In this age amidst the unending chatter of the social media, let’s go back in time and reminisce the good old days when the only source of “noise” was that of the radios. And mind you this “noise” was welcomed by all!
The days when only an elite few had the luxury and the privilege to afford a radio transmitter, listening to a radio used to be a community thing, a social event. Clustered around a small machine people used to feel connected with the whole world.
This remarkable feat of “connecting people” (well before Nokia took credit of that 😛 ) was an achievement of an Italian scientist named Guglielmo Marconi. Sometime around the start of the 20th century, Marconi developed the first apparatus for long distance radio communication and on 12th December in 1901, the world’s first ever wireless message was sent!
And since then radio has played an integral role in mass communications and technological developments all through the centuries.
Despite being over 100 years old, the radio is one of the most popular ways of mass communication and educates people all over the world. Radio is still the most dynamic, reactive and engaging medium there is, adapting to 21st-century changes and offering new ways to interact and participate. It has played its part in nation-building, helped people and various freedom struggles, saved lives during natural or human-made disasters.
Well…in India too radio has played an important role in nation building. All India Radio (AIR), officially known as Akashvani (literally, “Voice from the sky”) is India’s National Broadcaster and also the premier Public Service Broadcaster. The institute is truly living up to its motto – ‘Bahujan Hitaya: Bahujan Sukhaya’ (translates to “for the happiness of the many, for the welfare of the many”). The moto is a Sanskrit dictum or aphorism enunciated in the Rigveda.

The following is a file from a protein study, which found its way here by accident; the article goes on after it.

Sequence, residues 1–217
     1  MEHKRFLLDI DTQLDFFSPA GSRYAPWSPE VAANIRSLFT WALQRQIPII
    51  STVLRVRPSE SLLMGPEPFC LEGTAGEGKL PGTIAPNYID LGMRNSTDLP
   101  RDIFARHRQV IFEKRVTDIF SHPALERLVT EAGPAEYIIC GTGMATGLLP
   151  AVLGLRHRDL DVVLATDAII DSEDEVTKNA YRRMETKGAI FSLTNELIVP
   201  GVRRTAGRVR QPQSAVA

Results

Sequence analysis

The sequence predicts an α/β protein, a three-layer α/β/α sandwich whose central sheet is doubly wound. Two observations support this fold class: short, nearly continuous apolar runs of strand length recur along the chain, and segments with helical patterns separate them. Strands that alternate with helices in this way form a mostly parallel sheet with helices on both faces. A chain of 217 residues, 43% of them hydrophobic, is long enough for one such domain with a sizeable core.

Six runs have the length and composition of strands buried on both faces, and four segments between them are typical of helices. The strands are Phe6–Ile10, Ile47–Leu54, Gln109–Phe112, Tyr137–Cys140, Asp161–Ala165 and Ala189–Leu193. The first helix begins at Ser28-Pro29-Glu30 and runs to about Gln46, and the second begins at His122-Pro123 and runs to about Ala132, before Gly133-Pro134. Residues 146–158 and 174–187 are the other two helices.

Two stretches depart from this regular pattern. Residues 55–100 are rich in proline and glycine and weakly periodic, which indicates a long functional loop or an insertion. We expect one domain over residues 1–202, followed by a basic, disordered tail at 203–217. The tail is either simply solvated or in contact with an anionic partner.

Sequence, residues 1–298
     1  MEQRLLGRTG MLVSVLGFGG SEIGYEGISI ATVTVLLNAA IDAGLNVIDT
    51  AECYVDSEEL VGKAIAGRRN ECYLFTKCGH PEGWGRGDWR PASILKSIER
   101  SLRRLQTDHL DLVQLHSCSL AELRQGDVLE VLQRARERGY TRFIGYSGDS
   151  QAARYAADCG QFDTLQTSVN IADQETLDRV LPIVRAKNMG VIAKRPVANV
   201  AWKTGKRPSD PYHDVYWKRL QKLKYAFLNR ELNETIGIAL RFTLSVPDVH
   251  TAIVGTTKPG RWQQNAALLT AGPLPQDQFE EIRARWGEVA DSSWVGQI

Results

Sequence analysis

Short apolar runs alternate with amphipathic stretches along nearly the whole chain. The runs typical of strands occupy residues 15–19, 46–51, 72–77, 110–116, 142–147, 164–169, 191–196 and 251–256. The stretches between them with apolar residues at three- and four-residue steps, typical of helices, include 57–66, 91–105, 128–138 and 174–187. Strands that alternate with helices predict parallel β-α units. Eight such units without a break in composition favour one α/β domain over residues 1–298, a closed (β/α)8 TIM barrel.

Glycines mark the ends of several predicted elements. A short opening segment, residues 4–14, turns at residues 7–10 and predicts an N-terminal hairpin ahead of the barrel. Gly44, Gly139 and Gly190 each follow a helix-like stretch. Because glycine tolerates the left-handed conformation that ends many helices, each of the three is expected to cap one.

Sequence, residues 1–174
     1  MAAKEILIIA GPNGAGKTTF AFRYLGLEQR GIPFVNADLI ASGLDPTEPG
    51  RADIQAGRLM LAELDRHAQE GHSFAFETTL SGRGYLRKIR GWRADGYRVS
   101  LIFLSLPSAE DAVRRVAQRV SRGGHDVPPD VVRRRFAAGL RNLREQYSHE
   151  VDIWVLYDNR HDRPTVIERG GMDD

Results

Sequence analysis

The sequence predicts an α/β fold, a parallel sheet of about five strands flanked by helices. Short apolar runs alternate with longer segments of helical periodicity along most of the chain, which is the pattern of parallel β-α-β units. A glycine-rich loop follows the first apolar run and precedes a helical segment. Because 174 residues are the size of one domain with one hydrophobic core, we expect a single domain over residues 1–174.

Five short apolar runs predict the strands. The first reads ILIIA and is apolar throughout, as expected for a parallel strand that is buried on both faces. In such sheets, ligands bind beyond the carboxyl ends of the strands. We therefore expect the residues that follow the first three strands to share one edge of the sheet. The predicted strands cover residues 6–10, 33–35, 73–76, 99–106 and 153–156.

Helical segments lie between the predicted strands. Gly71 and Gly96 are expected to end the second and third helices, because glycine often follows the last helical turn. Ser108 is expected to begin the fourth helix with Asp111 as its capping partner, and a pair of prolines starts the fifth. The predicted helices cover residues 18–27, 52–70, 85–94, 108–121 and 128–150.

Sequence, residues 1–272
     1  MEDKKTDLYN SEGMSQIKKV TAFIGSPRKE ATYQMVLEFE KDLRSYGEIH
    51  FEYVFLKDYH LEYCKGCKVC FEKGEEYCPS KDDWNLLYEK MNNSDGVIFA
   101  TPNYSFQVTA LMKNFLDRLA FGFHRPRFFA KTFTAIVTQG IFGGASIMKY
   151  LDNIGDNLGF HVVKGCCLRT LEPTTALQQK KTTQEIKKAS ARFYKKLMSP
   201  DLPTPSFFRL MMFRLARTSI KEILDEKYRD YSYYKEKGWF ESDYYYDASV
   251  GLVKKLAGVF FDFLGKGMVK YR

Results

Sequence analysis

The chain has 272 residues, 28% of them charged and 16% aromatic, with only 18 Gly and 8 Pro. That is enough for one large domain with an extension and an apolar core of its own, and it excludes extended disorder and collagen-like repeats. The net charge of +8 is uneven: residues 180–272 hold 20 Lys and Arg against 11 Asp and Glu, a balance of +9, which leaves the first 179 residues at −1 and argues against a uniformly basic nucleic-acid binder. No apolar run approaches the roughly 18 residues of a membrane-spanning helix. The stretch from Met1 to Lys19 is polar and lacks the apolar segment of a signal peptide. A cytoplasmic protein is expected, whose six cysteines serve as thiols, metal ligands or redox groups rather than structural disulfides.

All India Radio is the largest radio network in the world and one of the largest broadcasting organizations in the world in terms of the number of languages broadcast and the spectrum of socio-economic and cultural diversity it serves. AIR’s home service comprises 420 stations located across the country, reaching nearly 92% of the country’s area and 99.19% of the total population with programs originating in 23 languages and 179 dialects!
The idea of World Radio Day was first proposed by Spain’s Radio Academy in 2010. Later in 2011, UNESCO declared that World Radio Day will be celebrated annually on February 13th. The date was chosen to coincide with the anniversary of the United Nations Radio, the UN’s international broadcasting service, which was established on February 13th, 1946. The first World Radio Day was officially celebrated in 2012.
This day celebrates the radio as a way of educating people, providing information, and promoting freedom of expression across cultures. This year’s theme “Dialogue, Tolerance, and Peace” aims at providing a platform for dialogue and democratic debate over issues! It’s all about audiences’ participation and engagement.
So…participate people, make your voice and opinions heard, bring communities together and promote positive dialogue for change. Let’s celebrate the impact of radio in pursuit of a more peaceful and tolerant world!
© 2019 Ashwini Nawathe, Kaleidoscope of My Life
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